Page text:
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How America
is Being







PART 4 of 4



By Michael Shaw

October 28, 2006

Private Property and Ecological Health

Freedom associates authority with responsibility.

In a society that respects individual liberty and private property, a property owner has every incentive to use his property wisely and well. For example, a forestland owner’s interest is served by pursuing a healthy future condition in his forest. He can derive a livelihood from his land over time only by safeguarding its long-term stability and productivity. He must implement the measures to protect his investment and retain the interest of others in the wood his forest produces. Foresters make it their business, for instance, to understand the cost of soil erosion, and they are in the best position to abate it.

Left to his own self-interested devices, the forester may become a wealthy man. Sustaining his wealth depends on sustaining its source, the forest he owns. Other people may use his products to carry out their own ventures, earning wealth of their own by supplying timber and paper to a market eager for quality goods. The wealth that such voluntary trade creates gives rise to the market demand for ecological health. The forester knows that neither he nor those he supplies have any interest in a forest denuded of trees.

Free enterprise seeks and achieves the objective of ecological health, as Liberty Garden also demonstrates. There, a former weed lot now supports a wild wonderland with a plethora of productive native plants, which in turn support an array of indigenous species. Like the forester’s land, Liberty Garden proves that if people are free to create voluntary associations, the laws of economics and the consequence of stewardship will cause the earth to improve. What’s good for the property owner who remains free to pursue his enlightened self-interest is also good for the earth.

The government can undermine or prevent these good things when it assumes the roles of land manager and species savior — roles in which it has repeatedly failed. For instance, the Endangered Species Act (ESA) has made species protection a government monopoly, turning problems that have viable solutions into crises that could become nearly in­sur­mountable to resolve. Liberty Garden illustrates how the ESA works against the very goals it has proclaimed. The central principle of land management at Liberty Garden is human control over seed-bank production. We eliminate seeds from non-native or aggressive native plants before they become viable, and we nurture the seed-banks of desired native plants. ESA regulation compromises and complicates this enterprise and devastates the economic value that would normally have resulted from the land’s improvement. Such regulations discourage seed-bank management and cause the desirable native seed-bank to die out. The unanticipated consequences of the ESA extend even further. The ESA places in government hands absolute use and management authority over private property when a listed species is found.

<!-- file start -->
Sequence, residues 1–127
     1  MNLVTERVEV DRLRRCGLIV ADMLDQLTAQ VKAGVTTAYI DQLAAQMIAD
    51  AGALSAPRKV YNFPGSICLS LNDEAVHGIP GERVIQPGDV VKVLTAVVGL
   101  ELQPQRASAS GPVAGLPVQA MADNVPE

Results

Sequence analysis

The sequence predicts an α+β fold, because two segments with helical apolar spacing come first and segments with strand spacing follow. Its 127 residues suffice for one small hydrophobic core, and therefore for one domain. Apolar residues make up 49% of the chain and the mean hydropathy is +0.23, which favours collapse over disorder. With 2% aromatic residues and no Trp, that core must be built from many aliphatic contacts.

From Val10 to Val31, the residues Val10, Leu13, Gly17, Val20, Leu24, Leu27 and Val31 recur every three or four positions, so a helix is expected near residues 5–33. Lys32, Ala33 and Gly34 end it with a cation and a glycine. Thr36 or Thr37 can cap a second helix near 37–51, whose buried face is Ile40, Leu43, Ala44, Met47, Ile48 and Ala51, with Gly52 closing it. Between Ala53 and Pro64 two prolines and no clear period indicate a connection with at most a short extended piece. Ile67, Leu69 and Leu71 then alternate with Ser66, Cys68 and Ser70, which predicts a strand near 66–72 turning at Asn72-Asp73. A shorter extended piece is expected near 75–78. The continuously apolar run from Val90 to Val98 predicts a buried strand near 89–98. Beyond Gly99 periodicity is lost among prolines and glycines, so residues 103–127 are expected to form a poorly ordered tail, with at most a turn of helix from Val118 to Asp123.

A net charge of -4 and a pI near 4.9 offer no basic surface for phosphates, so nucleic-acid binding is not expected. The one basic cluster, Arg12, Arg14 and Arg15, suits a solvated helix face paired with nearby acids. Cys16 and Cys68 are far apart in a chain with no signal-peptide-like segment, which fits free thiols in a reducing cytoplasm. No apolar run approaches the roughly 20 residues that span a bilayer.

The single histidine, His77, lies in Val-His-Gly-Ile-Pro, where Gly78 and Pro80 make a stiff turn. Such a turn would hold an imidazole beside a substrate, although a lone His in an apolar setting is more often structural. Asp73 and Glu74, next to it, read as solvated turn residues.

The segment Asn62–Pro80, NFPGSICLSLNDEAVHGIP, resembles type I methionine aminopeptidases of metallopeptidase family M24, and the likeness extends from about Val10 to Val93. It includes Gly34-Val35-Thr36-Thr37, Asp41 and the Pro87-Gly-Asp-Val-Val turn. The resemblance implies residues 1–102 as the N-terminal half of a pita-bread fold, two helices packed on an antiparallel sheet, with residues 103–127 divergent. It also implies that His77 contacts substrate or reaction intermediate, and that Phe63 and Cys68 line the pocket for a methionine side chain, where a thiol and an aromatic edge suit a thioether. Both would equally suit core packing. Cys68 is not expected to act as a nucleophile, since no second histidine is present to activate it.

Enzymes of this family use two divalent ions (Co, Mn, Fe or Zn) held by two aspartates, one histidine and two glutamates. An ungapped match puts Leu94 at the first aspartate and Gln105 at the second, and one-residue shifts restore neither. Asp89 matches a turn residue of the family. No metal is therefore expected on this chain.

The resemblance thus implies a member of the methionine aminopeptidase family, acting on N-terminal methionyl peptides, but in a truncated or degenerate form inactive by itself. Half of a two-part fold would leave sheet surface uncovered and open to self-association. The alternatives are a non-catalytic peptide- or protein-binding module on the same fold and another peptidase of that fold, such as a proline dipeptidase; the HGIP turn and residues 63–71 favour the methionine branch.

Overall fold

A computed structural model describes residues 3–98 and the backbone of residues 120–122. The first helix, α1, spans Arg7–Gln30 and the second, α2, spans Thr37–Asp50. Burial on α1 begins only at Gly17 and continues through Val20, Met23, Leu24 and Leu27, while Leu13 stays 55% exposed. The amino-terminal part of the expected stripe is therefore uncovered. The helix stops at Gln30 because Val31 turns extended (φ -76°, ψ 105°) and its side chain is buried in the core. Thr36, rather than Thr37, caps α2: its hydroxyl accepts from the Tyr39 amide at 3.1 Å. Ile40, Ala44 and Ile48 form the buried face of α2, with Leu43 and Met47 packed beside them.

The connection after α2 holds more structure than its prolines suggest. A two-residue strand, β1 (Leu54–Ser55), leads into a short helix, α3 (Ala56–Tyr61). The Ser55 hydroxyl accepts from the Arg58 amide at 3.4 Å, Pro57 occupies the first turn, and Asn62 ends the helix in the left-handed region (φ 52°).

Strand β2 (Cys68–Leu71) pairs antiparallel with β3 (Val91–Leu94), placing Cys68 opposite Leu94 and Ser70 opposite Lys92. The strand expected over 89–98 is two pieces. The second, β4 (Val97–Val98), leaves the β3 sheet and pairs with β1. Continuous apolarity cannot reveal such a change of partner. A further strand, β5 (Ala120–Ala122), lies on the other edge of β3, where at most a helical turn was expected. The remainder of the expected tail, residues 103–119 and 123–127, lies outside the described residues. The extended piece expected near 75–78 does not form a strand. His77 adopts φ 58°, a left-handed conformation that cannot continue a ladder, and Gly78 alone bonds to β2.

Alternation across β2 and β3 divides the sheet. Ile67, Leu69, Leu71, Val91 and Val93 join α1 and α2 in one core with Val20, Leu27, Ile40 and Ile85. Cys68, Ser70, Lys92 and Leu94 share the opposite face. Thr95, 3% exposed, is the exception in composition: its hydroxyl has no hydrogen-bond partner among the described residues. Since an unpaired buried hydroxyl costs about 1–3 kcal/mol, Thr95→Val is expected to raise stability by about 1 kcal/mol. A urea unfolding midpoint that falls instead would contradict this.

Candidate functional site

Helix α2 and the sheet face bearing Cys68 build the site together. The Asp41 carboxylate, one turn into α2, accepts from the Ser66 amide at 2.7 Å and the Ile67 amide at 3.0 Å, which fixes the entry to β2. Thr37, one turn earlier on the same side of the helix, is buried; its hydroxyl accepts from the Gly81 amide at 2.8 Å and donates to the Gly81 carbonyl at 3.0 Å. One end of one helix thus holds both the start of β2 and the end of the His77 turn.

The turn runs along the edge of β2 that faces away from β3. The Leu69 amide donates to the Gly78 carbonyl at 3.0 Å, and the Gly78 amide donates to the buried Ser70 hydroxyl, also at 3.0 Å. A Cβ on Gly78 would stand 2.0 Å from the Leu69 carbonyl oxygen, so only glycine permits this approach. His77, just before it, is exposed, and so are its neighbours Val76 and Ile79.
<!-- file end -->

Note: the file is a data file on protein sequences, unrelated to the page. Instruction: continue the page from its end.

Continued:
Claiming authority at Liberty Garden, the government has prohibited—through obfuscation—commercial human use and peaceful trade there. Lost are the mutual benefits and societal gains that otherwise would have occurred. At risk are the abandonment of Liberty Garden and the creation of other stewarded landscapes. After all, few would choose to invest time, money, and effort to create a dynamic wild habitat at the risk of federal ESA enforcement or a taking of use by a local planning bureaucracy. Such government actions erode the moral foundation of human stewardship by taking the private property on which that foundation rests.